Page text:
David Engerman and research
Harvard University Press published David Engerman’s book The Price of Aid: The Economic Cold War in India, about the origins, evolution and essentially political nature of foreign aid. Engerman offered a research intensive history course in the fall of 2017 called U.S. Responses to Global Inequality: Recent Histories.
Office of the Vice Provost for Research: How did the Center for Teaching and Learning support your class?
David Engerman: The Center for Teaching and Learning (CTL) helped me connect to the library resources at Brandeis. The librarians, Aimee Slater and also Laura Hibbler, who are assets for the university, helped me locate materials so I wouldn’t have to require students to purchase so many books. The idea of Open Educational Resources is to reduce the cost to students. Now the books for the course cost $50-$60, which for an upper level history class is pretty low, about half of what comparable classes would be. The library also helped obtain virtual copies of key readings, which helps students reduce costs.
CTL also helped me organize some of the research elements of the course; it was a very research intensive course. The history department recently established a course rubric called the History Lab, the idea of which is to promote more hands-on student research. For the course in the fall, we devoted the entire last third of the semester to how to put together a research paper. Most of the assignments in the first part of the class were focused on the readings but also developing researching and writing skills.
OVPR: Did you reach out to other professors who use a similar model?
DE: Dan Perlman in Biology and I talked a lot about his Conservation Biology class, though I decided that I couldn’t quite use the model he does, in part because historians march chronologically; I wanted students to find more narrow and specific topics for their research that could come from the whole time period under discussion. The compromise position was to have students practice skills during the first 2/3 of the semester—how to locate databases, how to write introductions, how to use material, quotations, in paragraphs—some of which were more research-oriented, some of which were oriented towards communicating and organizing research. We did open note day, when students projected their notes—mostly in Google Drive—on the screen and we talked about how they took notes, the advantages and disadvantages of different methods. It was really a delight to teach, and I was especially excited to have such a dedicated and talented group of students.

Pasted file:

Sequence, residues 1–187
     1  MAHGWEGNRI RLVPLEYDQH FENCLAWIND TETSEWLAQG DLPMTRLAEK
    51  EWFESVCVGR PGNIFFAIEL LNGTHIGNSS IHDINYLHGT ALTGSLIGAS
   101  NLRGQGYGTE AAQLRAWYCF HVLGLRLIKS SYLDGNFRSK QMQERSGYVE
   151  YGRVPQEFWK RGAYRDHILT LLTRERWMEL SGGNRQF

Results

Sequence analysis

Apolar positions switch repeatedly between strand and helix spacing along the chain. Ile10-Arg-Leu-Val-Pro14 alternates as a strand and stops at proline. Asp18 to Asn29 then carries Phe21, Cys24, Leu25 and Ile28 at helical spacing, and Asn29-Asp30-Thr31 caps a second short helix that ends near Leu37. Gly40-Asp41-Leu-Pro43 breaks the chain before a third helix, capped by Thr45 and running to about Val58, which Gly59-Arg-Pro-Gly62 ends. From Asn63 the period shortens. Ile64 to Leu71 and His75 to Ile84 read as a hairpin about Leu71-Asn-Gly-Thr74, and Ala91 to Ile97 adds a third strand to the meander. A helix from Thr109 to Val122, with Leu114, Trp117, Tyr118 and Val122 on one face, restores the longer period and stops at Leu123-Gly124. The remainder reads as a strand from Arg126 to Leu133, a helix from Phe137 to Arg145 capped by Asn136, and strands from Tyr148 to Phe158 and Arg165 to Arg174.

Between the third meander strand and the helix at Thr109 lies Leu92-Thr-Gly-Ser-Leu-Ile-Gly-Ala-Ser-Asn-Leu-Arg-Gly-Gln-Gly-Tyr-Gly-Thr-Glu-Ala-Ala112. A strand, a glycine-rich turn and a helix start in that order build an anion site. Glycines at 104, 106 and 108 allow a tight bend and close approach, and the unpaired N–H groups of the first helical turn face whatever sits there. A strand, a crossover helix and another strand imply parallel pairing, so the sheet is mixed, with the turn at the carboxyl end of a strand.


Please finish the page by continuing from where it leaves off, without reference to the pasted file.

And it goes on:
OVPR: Can you tell me why it’s important in research to teach elevator pitches [one assignment on the syllabus]?
DE: I wanted students to focus their arguments. The elevator pitch was designed to have students think about what was the most important thing about their paper and express just that, not really much evidence, just to say: ‘It may seem like an obscure topic, but here’s why my paper matters, and here’s what I have to say about it that’s different from anyone else’. So the elevator pitch is about selling the paper but also about thinking of the core principles. Everything follows from those core principles: how you organize, how you research, how you write, all follows from your central purpose: why is this important and what do you have to say about it?
OVPR: How comfortable were students on primary source research going into the class as compared to when they were coming out?
DE: It’s really hard to assess. The history major, for instance, is not a particularly structured major, like a biology major in which everyone takes courses in the same sequence. The students have very different trajectories: the course included senior history majors and one MA student but also some particularly intrepid and talented first-year students. Some students had done historical research either here or elsewhere, but many had not. About half of the students were history majors but it was listed as an IGS course too. The students who got the most out of the course gained not only knowledge of how to do research, but confidence that they could conquer a large task. The length of the paper seemed intimidating at the beginning of the semester but by the end they’re worrying that they don’t have enough room to do what they want to do. That was a really valuable part of the course: giving students the tools for mastery and then the confidence to actually master the project.
OVPR: Tell me about students' research experience at Brandeis?
DE: All students came out of the course with substantially stronger research skills, even those who came in with experience doing research. For instance, one student came in with plenty of research experience, and really liked doing it, so he chose a topic that took him to the Kennedy Library a couple of times and he did research there.
It’s easy when you teach 20th Century American History to have primary sources available, and the Kennedy Library is right down the Pike. On campus, we’re fortunate that the library has a really smart acquisition strategy which makes it easy to do primary source research. They have newspaper archives as well as magazine and periodical full text databases. The librarians also worked with us to find other kinds of materials that weren’t housed at Brandeis. For instance, the World Bank has a good online archive. Thanks to the librarians, students had plenty of opportunities for serious research.